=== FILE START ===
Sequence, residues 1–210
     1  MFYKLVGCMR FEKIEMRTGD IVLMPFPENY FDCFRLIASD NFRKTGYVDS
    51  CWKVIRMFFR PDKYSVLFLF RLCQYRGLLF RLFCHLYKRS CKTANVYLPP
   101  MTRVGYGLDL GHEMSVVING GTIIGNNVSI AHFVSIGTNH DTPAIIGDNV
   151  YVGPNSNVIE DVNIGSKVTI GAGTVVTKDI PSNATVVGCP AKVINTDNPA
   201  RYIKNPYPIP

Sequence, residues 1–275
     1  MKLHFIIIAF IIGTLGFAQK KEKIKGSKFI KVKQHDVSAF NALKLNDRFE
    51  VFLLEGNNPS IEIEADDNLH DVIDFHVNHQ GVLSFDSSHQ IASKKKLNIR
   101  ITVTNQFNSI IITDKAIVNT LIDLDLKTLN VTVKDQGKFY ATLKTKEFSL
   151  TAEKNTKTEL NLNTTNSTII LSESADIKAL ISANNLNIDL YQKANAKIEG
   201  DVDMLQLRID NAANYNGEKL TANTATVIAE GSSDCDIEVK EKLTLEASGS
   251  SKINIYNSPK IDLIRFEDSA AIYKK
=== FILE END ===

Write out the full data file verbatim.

Sequence, residues 1–210
     1  MFYKLVGCMR FEKIEMRTGD IVLMPFPENY FDCFRLIASD NFRKTGYVDS
    51  CWKVIRMFFR PDKYSVLFLF RLCQYRGLLF RLFCHLYKRS CKTANVYLPP
   101  MTRVGYGLDL GHEMSVVING GTIIGNNVSI AHFVSIGTNH DTPAIIGDNV
   151  YVGPNSNVIE DVNIGSKVTI GAGTVVTKDI PSNATVVGCP AKVINTDNPA
   201  RYIKNPYPIP

Sequence, residues 1–275
     1  MKLHFIIIAF IIGTLGFAQK KEKIKGSKFI KVKQHDVSAF NALKLNDRFE
    51  VFLLEGNNPS IEIEADDNLH DVIDFHVNHQ GVLSFDSSHQ IASKKKLNIR
   101  ITVTNQFNSI IITDKAIVNT LIDLDLKTLN VTVKDQGKFY ATLKTKEFSL
   151  TAEKNTKTEL NLNTTNSTII LSESADIKAL ISANNLNIDL YQKANAKIEG
   201  DVDMLQLRID NAANYNGEKL TANTATVIAE GSSDCDIEVK EKLTLEASGS
   251  SKINIYNSPK IDLIRFEDSA AIYKK